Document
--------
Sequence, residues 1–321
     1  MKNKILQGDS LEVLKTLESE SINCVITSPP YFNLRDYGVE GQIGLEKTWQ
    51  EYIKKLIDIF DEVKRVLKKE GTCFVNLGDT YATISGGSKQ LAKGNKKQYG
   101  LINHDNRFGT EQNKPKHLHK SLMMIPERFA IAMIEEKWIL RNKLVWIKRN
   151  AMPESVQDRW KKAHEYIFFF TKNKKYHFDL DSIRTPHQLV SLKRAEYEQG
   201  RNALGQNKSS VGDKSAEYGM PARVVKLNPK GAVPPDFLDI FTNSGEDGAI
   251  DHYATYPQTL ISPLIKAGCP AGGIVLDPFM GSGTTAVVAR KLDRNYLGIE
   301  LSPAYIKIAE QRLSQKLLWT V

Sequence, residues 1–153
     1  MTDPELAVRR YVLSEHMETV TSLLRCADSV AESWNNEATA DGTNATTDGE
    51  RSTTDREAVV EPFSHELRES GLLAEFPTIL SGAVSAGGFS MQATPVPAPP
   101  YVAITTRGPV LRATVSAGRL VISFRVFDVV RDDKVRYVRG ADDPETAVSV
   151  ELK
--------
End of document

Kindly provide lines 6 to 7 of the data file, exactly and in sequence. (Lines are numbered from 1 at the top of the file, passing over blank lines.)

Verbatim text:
   201  RNALGQNKSS VGDKSAEYGM PARVVKLNPK GAVPPDFLDI FTNSGEDGAI
   251  DHYATYPQTL ISPLIKAGCP AGGIVLDPFM GSGTTAVVAR KLDRNYLGIE